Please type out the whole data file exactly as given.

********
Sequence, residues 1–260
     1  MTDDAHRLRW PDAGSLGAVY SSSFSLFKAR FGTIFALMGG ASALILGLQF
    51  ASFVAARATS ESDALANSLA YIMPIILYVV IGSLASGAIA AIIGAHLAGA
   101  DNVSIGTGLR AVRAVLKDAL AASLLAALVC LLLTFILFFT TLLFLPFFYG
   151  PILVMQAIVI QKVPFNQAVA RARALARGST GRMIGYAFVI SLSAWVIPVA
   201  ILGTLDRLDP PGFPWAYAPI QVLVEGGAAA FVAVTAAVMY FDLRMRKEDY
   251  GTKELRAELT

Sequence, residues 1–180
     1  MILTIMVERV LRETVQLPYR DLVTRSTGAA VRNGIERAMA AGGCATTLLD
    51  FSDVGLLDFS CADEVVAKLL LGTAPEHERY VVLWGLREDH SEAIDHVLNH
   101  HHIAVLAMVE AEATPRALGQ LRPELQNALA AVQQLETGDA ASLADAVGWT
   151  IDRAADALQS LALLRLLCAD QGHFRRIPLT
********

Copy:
Sequence, residues 1–260
     1  MTDDAHRLRW PDAGSLGAVY SSSFSLFKAR FGTIFALMGG ASALILGLQF
    51  ASFVAARATS ESDALANSLA YIMPIILYVV IGSLASGAIA AIIGAHLAGA
   101  DNVSIGTGLR AVRAVLKDAL AASLLAALVC LLLTFILFFT TLLFLPFFYG
   151  PILVMQAIVI QKVPFNQAVA RARALARGST GRMIGYAFVI SLSAWVIPVA
   201  ILGTLDRLDP PGFPWAYAPI QVLVEGGAAA FVAVTAAVMY FDLRMRKEDY
   251  GTKELRAELT

Sequence, residues 1–180
     1  MILTIMVERV LRETVQLPYR DLVTRSTGAA VRNGIERAMA AGGCATTLLD
    51  FSDVGLLDFS CADEVVAKLL LGTAPEHERY VVLWGLREDH SEAIDHVLNH
   101  HHIAVLAMVE AEATPRALGQ LRPELQNALA AVQQLETGDA ASLADAVGWT
   151  IDRAADALQS LALLRLLCAD QGHFRRIPLT